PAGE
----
The breakout star in SEO so far this year appears to be content marketing. It was pretty talked about in 2013, but with Google’s penalties and algorithms it will only be more important as the year progresses.

Of course, just as with any SEO tactic, content marketing has its risks. Google has shown that even using the best practices too much can still lead to penalties, and the Penguin and Panda updates have made it clear that you have to put good thought into any campaign you are going to run. Algorithmic updates by their nature don’t have room for leniency.

If you want to keep succeeding with SEO, you have to follow the rules to the letter. Of course, this is complicated Google’s reluctance to give hard rules for SEO. From what we know, it seems moderation is really the key to content marketing and optimization.

Adam Mason, writer for Search Engine Journal and SEO manager at Zazzle Media, shows the best method of dealing with content marketing optimization is to learn the history and know what has changed in the past few years. If you want to know how to push your content marketing campaigns without being hurt by penalties, his article covers anything and everything you would want to know.

It was only a matter of time before Twitter unveiled an advertising platform to its users. So far, however, the results have been extremely underwhelming.

At the present, your Twitter ad campaign will be run like a poorly run AdWords campaign. This is due to the fact that there just aren’t enough tools and metrics made available to run it properly. Twitter can’t tell you who exactly saw your ad or who exactly converted because of it. Instead, you get the total number of impressions and how many new followers you have because of the ad. And, perhaps they didn’t think this all the way through, but you also get to see exactly how much money the ad cost you right next to the embarrassing lack of metrics.

The rumor is that Twitter ads has already advanced past this early stage and some of the big money marketers are getting to experience that next level first and there’s no doubt that Twitter will improve its advertising platform until it is on par with Facebook. For now, however, there’s no reason to spend any of your budget on Twitter ads.

Jason Yormak did start a campaign with Twitter ads. You can see his results at Business2Community.

Source: Flickr

With the new year come new reports about the way we searched the internet in 2012. The Search Agency posted their “State of Paid Search Report” for the last quarter of the previous year, and while it is mostly confirming what other reports have already shown, there were a few notable discoveries.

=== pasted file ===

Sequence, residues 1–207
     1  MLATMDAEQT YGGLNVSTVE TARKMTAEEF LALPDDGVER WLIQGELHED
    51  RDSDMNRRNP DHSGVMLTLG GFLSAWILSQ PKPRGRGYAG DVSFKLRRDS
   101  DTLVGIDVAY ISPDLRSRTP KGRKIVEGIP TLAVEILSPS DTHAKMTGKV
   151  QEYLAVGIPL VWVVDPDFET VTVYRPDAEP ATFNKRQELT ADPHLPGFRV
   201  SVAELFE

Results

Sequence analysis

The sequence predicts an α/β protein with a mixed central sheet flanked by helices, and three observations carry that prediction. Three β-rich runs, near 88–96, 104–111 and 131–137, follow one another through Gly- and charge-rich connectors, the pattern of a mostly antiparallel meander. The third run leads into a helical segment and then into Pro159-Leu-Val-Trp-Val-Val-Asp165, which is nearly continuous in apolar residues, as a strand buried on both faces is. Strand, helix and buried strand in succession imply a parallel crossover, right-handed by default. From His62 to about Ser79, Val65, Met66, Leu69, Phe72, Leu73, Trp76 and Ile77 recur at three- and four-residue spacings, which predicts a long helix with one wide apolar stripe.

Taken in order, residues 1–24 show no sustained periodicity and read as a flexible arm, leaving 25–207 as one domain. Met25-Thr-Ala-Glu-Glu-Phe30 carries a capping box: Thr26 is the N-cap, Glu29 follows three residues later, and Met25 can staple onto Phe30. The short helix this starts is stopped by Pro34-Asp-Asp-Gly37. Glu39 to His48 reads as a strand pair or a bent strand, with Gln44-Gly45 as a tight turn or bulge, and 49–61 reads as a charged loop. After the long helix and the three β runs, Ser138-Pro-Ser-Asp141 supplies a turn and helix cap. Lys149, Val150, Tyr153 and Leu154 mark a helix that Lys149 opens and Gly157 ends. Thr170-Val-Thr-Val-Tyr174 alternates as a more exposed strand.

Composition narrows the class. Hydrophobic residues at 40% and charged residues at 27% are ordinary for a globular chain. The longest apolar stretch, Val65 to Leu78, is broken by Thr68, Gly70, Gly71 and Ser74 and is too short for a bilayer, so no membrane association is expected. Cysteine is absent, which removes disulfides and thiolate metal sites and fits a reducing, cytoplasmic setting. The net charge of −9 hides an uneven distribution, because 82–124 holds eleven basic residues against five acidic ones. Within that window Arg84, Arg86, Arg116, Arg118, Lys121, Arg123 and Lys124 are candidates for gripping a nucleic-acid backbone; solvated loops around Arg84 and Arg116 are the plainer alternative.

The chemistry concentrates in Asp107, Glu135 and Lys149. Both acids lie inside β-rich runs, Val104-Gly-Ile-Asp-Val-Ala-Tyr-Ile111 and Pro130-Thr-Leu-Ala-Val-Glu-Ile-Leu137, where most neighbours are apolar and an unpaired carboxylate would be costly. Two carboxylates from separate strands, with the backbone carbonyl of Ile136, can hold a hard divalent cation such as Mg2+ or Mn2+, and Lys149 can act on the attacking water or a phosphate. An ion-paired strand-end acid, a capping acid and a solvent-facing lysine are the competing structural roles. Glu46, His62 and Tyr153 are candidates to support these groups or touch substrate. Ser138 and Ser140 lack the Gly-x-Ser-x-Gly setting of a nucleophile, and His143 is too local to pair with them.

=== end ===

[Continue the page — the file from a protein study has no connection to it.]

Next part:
Every report of the past few years has found that searches from smartphones and tablets have been growing significantly now claiming 25-percent of all search clicks. But, what wasn’t expected was The Search Agency’s announcement that the growth in mobile searching does not come at the expense of desktop browsing.

“Desktops computer searches remained level from Q3 2012 to Q4 2012, while mobile experienced an increase in search share. This demonstrates the industry’s steady growth and good health,” states their report.

Greg Sterling has the full breakdown from the report over at Search Engine Land, but the facts are that mobile browsing has no intention of slowing its growth, and tablets are at least partially responsible for the continued interest.

In just a few years, mobile browsing has gone from laughably tedious to one of the fastest growing ways we access the internet. With that meteoric rise to popularity comes misunderstandings thanks to generalizations, but the reality of mobile browsing is much more complex.

Karolina Szczur wades through the misconceptions about mobile browsing and design, attempting to clarify the truth about mobile design and show how believing these inherently false ideas leads to designs that don’t really work for the current web.

The biggest misconception is that mobile is well-defined or even monolithic. This isn’t helped by most articles which suggest tips for mobile design which lump all devices, browsers, and even tablets all into one category. It is easy to forget when we write about mobile browsing like this, that ‘mobile’ doesn’t actually refer to the handheld devices. It it refers to the user, according to Barbara Ballard, author of Designing the Mobile User Experience.

Focusing on devices when designing for mobile misses the more important factors surrounding users. Context defines more of what mobile users are doing than their devices. The most wide-held view of mobile users focuses on out-and-about shopping, but studies have shown that 70% of Americans use their phones in the bathroom, and just as many use them while sitting on the sofa, away from their desktop.

The usual decision when thinking about mobile users as “on the go” is to streamline everything on a site, but this forgets that mobile users are often trying to perform complicated transactions or reach full length articles from areas where a desktop isn’t feasible.